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Pebble State Beach

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The parking lot is closed.


Here are some guidelines for people visiting Pebble State Beach:

  • Restrooms are partially reopened.

What is currently closed at this park?

  • Parking lot

NOTICE: Get more information on the California State Parks response to COVID-19 here.

Pebble State Beach is home to the popular Arroyo de los Frijoles Trail, a 2-mile round-trip walk to Bean Hollow Beach. The pebbles on the beach are quartz chipped from an offshore reef, tumbled ashore, then wave-polished and rounded into beautifully hued small stones.

Pebble Beach features two main sections: straight ahead off the parking lot are outcrops of Pigeon Point Formation sandstone. The surface of many of the rocks has been weathered in a honeycomb-like surface texture known as tafoni. This area leads to extensive tide pools. To the right of the parking lot is the pebble-covered beach that give the site its name. The beach has deposits of varicolored, water-worn pebbles several feet deep, including agate, chalcedony, jasper, moonstones and sardonyx.

Learn more in the California State Parks brochure.

Operating Hours

Day-Use Area 8 a.m. to Sunset


Pebble State Beach is located 40 miles south of San Francisco. The beach is off Highway 1, about 2.5 miles south of Pescadero.

Things to do

Beach Area

Visitors enjoy swimming, surfing and fishing. Explore the tide pools but do not disturb the creatures, including anemones, crabs, sea urchins and other marine inhabitants.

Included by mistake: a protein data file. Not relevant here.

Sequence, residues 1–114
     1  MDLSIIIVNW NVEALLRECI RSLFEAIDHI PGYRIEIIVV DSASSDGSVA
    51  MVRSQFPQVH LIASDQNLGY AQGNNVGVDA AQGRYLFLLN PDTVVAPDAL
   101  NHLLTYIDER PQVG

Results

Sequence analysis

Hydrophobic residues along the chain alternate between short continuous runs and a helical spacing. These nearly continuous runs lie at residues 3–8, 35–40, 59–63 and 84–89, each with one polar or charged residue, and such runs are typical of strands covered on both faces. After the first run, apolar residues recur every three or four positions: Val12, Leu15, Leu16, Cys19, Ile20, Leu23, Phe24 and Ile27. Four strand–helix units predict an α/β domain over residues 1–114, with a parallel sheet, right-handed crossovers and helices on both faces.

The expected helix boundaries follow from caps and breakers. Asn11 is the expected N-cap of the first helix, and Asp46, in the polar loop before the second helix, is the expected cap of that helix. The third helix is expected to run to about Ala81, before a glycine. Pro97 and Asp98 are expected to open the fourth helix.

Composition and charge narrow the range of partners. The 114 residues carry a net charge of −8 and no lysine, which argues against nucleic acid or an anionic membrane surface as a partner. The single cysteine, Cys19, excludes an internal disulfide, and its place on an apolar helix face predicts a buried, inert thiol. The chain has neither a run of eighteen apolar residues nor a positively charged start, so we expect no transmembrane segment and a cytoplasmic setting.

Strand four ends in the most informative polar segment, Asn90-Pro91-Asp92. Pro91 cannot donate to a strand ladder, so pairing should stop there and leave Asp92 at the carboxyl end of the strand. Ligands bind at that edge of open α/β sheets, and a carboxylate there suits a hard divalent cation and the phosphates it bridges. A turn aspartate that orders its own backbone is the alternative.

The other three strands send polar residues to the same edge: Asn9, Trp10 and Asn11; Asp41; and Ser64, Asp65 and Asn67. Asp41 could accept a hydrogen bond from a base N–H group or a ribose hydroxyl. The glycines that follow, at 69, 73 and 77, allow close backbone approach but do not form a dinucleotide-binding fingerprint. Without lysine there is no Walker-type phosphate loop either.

Hiking Trails

A 1-mile trail to nearby Bean Hollow State Beach begins at the south end of the parking lot. The walk offers a close-up look at tide pools, wildflowers (in season) and colonies of harbor seals and shorebirds

Fees and Passes

Day-use parking lots are temporarily closed due to COVID-19.

Parking is free.


There are no facilities.


Pebble Beach was a part of Rancho Butano, given to Ramona Sanchez on in 1838. The rancho was later purchased by Clark & Coburn of San Francisco. Loren Coburn was born in Vermont and had moved to California in 1851. He worked first in mining and then as a businessman in San Francisco. He moved to the Pescadero area in 1872 and entered into land development. Coburn erected a large hotel on the bluff above Pebble Beach in the 1890s, hoping to make it a popular destination for vacationers taking the planned Ocean Shore Railroad from San Francisco. The San Francisco earthquake in 1906 ended construction on the railroad, and the hotel permanently closed.


  • Dogs are permitted provided they are controlled with a leash of no more than six feet at all times.

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Events at Pebble State Beach